Rebasing of the Economy: Prof Soludo made a caricature about the efforts to rebase Nigeria’s economy and said in his article it amounted to nothing. He made bold to say that on all the indices used by international reviewers Nigeria’s economy is showing poor results, he went as far as to score the Administration an “F” on the economy. On this I cannot be more ashamed of Soludo, than to say this. Prof Soludo lied to the Nigerian people. Hear him; “First, my friend was educated that re-basing the GDP is no achievement: it is a routine statistical exercise, and depending on the base year that you choose, you get a different GDP figure. Re-basing the GDP has nothing to do with government policy”. First of all he is full of contradictions, he says we have failed to make progress on any of the economic indices, then he says in the same thesis that our over $510 billion GDP economy is not progress, (he used $540 billion in his article). He even went as far as to say that the rebased figures of the economy is NOT as a result of any Federal Government Policy in the statement above. Again he is dead wrong. The figures that gave the Nigerian economy a boost after the rebasing came from the fact that new industries have been created and have grown in Nigeria since the Administration of President Goodluck Jonathan. The Entertainment Industry that is presently employing highest number of young people in Nigeria outside the Agriculture sector is a big one. It has never featured in the calculations in our Gross Domestic Product before the rebasing. And for the benefit of those who do not know, our GDP is calculated by summing up or totaling all the goods and services bought and sold in financial transactions in the economy in a given year. So, is Prof Soludo saying that the millions of naira that are being earned by Don Jazzy, Banky W and P square, by Omotola and Ramzy Noah are not real? That the N120 million earned by “30 days in Atlanta” the Movie is not real? That the hundreds of United States citizens, especially their young people I have personally heard singing along to the tune “Dorobuci” after they have purchased the song on iTunes is not real money? The fact that Radio stations in the USA, and I have personally witnessed this, are playing Nigerian music to their American audiences, and stimulating purchase orders, for Nigerian music, which in turn is fueling a new export industry for Nigerian entertainment, is no longer a fact?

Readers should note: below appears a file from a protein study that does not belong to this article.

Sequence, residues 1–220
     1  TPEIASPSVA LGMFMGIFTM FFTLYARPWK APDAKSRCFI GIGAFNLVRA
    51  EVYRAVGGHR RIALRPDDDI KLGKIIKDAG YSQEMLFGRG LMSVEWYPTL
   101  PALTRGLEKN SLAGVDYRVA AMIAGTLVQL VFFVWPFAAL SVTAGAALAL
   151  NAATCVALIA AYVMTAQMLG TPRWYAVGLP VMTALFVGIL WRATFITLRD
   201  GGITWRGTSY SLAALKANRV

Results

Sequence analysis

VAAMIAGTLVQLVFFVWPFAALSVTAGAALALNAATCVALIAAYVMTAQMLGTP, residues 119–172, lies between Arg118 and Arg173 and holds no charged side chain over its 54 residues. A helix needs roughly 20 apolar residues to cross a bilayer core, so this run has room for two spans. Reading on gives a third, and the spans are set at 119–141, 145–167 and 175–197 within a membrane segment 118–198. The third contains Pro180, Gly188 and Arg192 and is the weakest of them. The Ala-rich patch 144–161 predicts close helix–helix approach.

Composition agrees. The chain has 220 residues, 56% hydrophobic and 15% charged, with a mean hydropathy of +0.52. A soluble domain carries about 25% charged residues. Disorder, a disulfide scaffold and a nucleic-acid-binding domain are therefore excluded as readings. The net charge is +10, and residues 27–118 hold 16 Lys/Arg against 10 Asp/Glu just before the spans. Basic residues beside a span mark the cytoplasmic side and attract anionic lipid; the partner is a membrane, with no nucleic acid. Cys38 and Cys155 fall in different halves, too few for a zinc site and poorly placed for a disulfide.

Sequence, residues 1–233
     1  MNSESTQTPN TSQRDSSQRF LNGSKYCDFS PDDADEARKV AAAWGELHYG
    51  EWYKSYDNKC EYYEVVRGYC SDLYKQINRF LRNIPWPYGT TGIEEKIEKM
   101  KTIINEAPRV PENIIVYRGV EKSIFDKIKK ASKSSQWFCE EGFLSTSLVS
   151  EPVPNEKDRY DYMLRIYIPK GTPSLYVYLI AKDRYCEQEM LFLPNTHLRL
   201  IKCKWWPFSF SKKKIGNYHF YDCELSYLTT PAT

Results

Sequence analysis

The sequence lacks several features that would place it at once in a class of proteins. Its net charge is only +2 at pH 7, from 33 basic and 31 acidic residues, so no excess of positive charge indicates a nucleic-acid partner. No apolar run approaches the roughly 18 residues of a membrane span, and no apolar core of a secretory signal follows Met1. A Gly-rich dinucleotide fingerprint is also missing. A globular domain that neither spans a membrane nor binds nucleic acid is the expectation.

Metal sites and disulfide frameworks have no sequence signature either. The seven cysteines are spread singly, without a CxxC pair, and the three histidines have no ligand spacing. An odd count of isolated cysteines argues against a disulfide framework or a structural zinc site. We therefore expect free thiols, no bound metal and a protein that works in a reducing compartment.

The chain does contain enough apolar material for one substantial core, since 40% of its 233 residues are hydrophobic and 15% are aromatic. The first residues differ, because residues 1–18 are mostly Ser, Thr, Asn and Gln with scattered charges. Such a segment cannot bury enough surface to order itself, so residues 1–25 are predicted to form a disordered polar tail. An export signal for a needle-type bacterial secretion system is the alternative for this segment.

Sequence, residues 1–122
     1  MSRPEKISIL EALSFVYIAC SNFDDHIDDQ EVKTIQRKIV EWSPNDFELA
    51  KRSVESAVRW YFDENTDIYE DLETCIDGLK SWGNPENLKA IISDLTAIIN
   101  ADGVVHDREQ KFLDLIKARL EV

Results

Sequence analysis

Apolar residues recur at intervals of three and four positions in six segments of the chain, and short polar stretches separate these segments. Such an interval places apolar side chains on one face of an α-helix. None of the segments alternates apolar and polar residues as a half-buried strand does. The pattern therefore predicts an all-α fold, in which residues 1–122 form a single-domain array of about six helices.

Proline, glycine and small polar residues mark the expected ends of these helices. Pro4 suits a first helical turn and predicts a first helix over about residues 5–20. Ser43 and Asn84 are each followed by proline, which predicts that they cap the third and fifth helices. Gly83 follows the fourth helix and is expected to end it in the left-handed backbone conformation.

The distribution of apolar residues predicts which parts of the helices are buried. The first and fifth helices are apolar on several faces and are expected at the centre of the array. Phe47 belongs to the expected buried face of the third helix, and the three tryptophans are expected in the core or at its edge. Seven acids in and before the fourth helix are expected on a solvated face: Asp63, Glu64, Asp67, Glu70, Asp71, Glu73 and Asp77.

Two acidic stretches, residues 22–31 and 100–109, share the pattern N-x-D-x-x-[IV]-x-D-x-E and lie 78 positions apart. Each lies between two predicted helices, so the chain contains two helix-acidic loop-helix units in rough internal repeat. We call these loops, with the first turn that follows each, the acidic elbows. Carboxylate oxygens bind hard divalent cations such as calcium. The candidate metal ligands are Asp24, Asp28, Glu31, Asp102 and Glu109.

What about the Internet and the Telecommunications industry, which is an economy in itself. It also was a major part of the rebasing of the GDP, as this industry did not exist as a basis for previous calculations of our GDP. And whereas the Telecommunications Revolution was started by President Obasanjo as even I have pointed out in previous write-ups, it was President GoodluckJonathan that hasconsolidated the Telecommunications industry and provided additional policy support for it to keep growing, there lies the justification to include it in the GDP calculations, hence the need for rebasing the GDP. So, is Prof Soludo saying that the over $6 billion that the four GSM telecommunications firms are earning every year is not real? Or that the Value added services industry, which was built on the back of the GSM industry and ispresently worth over $1 billion a year is also not real? Is Prof Soludo saying that over one million recharge card resellers that are presently in every village across Nigeria are not real and that the money they are earning and using to feed their families does not exist? I think Soludo should rethink his position on the rebasing of the GDP, as he is misinforming the Nigerian people and he is being disingenuous.